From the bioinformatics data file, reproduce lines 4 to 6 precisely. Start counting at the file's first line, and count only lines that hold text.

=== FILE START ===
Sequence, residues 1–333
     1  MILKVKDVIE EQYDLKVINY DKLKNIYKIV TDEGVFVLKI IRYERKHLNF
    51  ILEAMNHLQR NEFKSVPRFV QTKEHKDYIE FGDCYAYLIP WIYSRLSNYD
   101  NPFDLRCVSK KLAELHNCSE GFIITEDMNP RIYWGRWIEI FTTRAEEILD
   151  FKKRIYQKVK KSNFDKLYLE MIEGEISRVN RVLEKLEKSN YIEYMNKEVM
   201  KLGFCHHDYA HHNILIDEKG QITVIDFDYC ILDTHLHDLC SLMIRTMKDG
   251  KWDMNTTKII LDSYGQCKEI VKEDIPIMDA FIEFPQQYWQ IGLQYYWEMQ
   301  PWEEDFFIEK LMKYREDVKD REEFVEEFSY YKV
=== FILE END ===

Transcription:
   101  NPFDLRCVSK KLAELHNCSE GFIITEDMNP RIYWGRWIEI FTTRAEEILD
   151  FKKRIYQKVK KSNFDKLYLE MIEGEISRVN RVLEKLEKSN YIEYMNKEVM
   201  KLGFCHHDYA HHNILIDEKG QITVIDFDYC ILDTHLHDLC SLMIRTMKDG